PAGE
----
AVMA & AVMF Sponsor Young Investigator Awards at the 2014 Merial NIH Veterinary Scholars Symposium

Dr. Elizabeth Lennon was awarded first place in the Young Investigator Award competition at the Merial NIH Veterinary Scholars Symposium the first week in August 2014 in Ithaca, New York. The competition, sponsored by the American Veterinary Medical Association and its charitable foundation, the AVMF, recognizes the scientific advancements made by veterinarians who are pursuing advanced research training through doctoral or post-doctoral programs. Dr. Lennon presented her work in a talk entitled "Mast Cells Play a Protective Role in a Model of Inflammatory Bowel Disease". Dr. Lennon received an honorarium of $2,500.

Dr. Elizabeth Lennon won first prize for her investigation on the protective effect of mast cells in Inflammatory Bowel Disease (photo courtesy of Sarah Blodgett Photography)


Two other finalists received honorariums from the AVMA/AVMF as well. Dr. Blake Hildreth presented "Deletion of the nuclear localization sequence and C-terminus of PTHrP decreases osteogenesis and chondrogenesis but increases adipogenesis and myogenesis in mesenchymal stem cells" and received $1,000 for second place in the competition. Dr. Katherine Tolbert presented "Cysteine Protease Activity of Feline Tritrichomonas Foctus Promotes Adhesion-dependent Cytotoxicity to Intestinal Epithelial Cells" and received an honorarium of $500.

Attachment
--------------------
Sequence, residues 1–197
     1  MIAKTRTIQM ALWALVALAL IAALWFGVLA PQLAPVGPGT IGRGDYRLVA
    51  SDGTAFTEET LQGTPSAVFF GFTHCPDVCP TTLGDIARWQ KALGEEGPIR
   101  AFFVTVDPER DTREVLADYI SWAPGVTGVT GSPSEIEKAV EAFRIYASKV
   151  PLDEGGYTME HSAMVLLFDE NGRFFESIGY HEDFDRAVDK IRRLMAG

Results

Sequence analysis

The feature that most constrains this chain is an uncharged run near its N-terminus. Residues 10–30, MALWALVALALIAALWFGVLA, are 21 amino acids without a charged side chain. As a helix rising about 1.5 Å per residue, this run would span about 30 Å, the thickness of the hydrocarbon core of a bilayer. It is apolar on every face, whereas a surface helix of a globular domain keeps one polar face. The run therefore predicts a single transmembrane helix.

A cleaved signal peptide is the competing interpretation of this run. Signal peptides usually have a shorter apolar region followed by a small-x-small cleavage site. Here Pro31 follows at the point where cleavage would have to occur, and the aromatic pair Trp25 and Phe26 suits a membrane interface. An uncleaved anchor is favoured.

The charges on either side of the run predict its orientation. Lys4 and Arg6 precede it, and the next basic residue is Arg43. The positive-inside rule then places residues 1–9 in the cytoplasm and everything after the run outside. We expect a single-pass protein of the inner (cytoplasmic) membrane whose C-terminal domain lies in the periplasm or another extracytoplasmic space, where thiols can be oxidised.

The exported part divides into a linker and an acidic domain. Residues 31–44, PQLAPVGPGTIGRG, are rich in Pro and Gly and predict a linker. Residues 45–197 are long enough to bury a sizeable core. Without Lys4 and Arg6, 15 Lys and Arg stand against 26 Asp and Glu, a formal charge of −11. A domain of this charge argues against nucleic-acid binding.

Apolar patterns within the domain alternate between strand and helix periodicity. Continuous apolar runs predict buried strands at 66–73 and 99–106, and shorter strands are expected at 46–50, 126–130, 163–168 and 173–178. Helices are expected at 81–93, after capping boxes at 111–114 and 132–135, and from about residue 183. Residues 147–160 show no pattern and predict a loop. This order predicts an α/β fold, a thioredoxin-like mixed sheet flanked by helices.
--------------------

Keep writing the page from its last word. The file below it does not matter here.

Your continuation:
Dr. Harry Dickerson, Chair of the AVMA Council on Research, presenting the second place award to Dr. Blake Hildreth (photo courtesy of Sarah Blodgett Photography)

Dr. Katherine Tolbert’s presentation of her research during the Young Investigator Award competition (photo courtesy of Sarah Blodgett Photography)


The symposium had more than 600 attendees, with 452 veterinary students presenting the results of their research projects. Applications were received for the Young Investigator Award competition and were reviewed by veterinarians and faculty members of several veterinary schools. This primary review group ranked all applicants and selected the top three finalists, who were then invited to present their research at the symposium. The three finalists were judged by members of the AVMA Council on Research for the scientific merit of their research, the quality of their presentation, and their response to questions.

The AVMA congratulates all of the young investigators who submitted the results of their scientific investigations and for their work to advance animal and human health through research.

2013 Young Investigator Award Winners

Why is research important to both animal and human health? Learn more in our Reference Guide on Biomedical Research.